Australia wool prices jump with low dollar and forward supply forecast

Sheep Central, October 12, 2018

Wool in a sale sample. Picture – AWEX.

FAVOURABLE exchange rates and further evidence of declining forward greasy wool supplies helped Australian wool prices recover this week.

Australian Wool Innovation’s weekly market report said buyer competition for Merino wool was some of the fiercest seen for quite some time as exporters scrambled to cover off inventory.

“The targeted zone of interest was primarily centred around the 21 micron area as that is the production area most heavily hit by destocking and drought.

“In many instances, sale lots (including pieces) across the 20 to 23 micron area were 100 cents dearer than the previous week,” AWI said.

AWEX senior market analyst Lionel Plunkett said the AWEX Eastern Market Indicator rose for the first time in a month, by 31 cents, to close the week at 2023 cents/kg clean.

The EMI in $US terms was 20 cents up at US1430c/kg clean as the $A-$US exchange rate fell 0.10 cents during the week to US70.70 cents. Brokers passed in 7.4pc of the offering of 32,072 bales, 7189 bales fewer than last week.

Wool supply is now a real concern – AWI

AWI said the industry focus is rightfully being shepherded towards the global wool supply issue.

“It is now considered and recognized as a real concern and not just a bombastic buyer/exporter approach to encourage sales from overseas export destinations.”

AWI said the official key test data from Australia extensively reported last week was further re-enforced by the three-week forecast released this week revealing an estimated shortfall of 22,170 bales or 16.5pc less being offered for the remainder of October compared to last year at the same period. This time of the year is considered as peak production, AWI said.

Mr Plunkett said although the Merino sector recorded overall losses at the previous sale, there were positive signs toward the end of this week, especially in the Western region, which recorded healthy increases on the final day.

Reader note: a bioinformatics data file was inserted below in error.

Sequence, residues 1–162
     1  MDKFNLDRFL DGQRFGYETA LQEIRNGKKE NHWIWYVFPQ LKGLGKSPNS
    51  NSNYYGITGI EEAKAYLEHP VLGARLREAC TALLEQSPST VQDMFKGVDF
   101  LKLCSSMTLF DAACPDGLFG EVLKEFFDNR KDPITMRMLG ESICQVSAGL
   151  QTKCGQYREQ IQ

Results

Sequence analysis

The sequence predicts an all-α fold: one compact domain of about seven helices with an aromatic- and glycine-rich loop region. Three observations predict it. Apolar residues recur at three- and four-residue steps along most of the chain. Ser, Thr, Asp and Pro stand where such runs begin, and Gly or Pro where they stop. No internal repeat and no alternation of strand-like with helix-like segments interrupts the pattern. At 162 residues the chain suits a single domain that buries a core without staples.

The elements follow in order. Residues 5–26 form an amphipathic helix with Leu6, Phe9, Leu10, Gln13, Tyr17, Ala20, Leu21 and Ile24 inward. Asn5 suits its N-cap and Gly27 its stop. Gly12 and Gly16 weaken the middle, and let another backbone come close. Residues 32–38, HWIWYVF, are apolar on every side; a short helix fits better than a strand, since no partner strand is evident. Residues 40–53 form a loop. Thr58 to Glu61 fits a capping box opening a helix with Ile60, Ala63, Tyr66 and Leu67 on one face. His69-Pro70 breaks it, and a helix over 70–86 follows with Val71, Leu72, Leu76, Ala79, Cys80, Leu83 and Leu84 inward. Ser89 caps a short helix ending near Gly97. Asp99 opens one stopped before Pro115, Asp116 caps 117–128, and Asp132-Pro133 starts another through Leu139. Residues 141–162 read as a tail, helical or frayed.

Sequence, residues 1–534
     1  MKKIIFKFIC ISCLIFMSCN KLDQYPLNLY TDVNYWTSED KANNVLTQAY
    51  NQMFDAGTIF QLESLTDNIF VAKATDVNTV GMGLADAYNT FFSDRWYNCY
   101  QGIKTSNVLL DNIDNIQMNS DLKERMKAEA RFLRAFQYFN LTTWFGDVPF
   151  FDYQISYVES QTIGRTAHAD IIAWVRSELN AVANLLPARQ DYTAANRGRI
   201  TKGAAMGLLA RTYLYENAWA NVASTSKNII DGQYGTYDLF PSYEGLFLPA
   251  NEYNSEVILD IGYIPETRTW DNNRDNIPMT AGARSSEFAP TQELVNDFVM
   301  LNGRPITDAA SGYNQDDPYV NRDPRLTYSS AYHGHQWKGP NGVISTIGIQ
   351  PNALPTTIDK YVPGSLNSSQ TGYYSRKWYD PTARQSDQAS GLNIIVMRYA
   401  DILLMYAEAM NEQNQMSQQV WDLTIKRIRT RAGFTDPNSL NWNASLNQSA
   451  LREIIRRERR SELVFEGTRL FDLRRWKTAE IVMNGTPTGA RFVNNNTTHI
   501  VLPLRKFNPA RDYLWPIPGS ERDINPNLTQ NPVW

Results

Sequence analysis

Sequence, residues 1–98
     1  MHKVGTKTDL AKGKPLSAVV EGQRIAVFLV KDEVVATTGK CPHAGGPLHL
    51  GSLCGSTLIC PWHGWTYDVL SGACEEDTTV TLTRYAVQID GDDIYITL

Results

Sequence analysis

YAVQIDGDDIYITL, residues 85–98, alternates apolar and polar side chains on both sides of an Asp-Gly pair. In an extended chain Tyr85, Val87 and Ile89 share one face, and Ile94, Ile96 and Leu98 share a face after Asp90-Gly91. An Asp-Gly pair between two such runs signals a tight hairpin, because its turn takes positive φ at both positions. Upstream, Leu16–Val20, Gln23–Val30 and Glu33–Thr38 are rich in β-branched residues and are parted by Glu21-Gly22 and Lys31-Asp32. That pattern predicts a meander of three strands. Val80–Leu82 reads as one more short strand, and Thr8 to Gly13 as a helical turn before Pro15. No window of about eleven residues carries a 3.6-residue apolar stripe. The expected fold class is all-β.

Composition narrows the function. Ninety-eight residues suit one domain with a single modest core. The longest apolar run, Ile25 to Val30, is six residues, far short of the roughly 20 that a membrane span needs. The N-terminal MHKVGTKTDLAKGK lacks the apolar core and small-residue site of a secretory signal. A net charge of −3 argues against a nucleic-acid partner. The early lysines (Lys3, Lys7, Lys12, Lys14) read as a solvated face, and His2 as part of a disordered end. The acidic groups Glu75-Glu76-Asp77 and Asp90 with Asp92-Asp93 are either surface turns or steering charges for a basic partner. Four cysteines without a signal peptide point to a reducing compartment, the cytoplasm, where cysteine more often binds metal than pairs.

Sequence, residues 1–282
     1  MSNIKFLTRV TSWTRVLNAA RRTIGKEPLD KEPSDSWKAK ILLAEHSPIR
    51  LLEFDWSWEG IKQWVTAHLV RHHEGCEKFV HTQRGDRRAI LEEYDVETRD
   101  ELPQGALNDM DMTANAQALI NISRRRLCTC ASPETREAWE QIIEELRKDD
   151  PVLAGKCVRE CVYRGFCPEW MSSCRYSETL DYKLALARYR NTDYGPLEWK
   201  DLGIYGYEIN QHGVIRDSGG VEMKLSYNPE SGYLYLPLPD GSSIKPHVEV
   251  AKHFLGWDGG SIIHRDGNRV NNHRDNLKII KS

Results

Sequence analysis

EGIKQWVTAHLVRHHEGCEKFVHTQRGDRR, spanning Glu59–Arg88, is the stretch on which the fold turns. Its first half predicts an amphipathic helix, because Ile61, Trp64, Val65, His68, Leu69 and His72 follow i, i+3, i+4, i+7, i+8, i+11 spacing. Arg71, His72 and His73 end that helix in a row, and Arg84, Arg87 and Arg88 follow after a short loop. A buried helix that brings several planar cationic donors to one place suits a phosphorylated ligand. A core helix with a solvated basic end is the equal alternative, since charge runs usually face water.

“This positive tone was evident from the beginning of this series.

“As buyer confidence increased, so too did the prices.”

He said the strongest demand was for a limited supply of wool 20 micron and coarser, pushing these fleece types up by 20 to 95 cents, with the largest increases seen in Melbourne.

“Although overall the Merinos recorded increases, a large national selection of fine tender wool struggled to attract sufficient demand.

“The better style and spec wools sold at similar levels to the previous sale; however, the losses felt in the tenders resulted in the Micron Price Guides (MPG) for 17.5 micron and finer generally losing ground,’ Mr Plunkett said.

“Concern over an oversupply of fine skirtings due to harsh growing conditions, helped to push the broader types higher by up to 100 cents, with the higher vegetable matter types, enjoying the largest gains, as buyers attempted to secure meaningful quantity of a limited selection.”

Mr Plunkett said the crossbred wools had an overall positive sale, most types and descriptions posted gains and only the 28 micron types failed to record increases for the week.

“The oddment sector was again the poorest performer this sale.

“Despite having different results in each centre, overall the three carding indicators fell by six cents.”

Market apprehension dissipated – AWI

AWI said the apprehension seen over the past month has dissipated almost entirely, with the exception of a few pockets of wool types in the carding room and some of the finer crossbred wools around the 26 to 27 micron.

“The dearer results in the market levels were very much aided by the lower $A versus $US rate early in the week’s selling.

“Buyers were able to utilize some of the best conversion rates seen since the end of 2015 in that rate of exchange,” AWI said.

“At times during the Wednesday auction the rate bottomed at US70.59 cents before recovering somewhat to near US71 cents on the final day, which slowed, but didn’t stop the prices rising further, particularly noticeable being the partial recovery on the European types finer than 18.5 micron, which escalated 50 to 60 cents just on the final day to regain a lot of the recently lost margins.”

AWI said China was the predominant interest across all wools from 18 to 23 micron and it appeared some of the larger top maker buyers have decided now is the time to commence ensuring supply for upcoming machinery demands.

Next week there is currently 37,664 bales rostered for sale in Sydney, Melbourne and Fremantle.

Sources: AWEX, AWI. 


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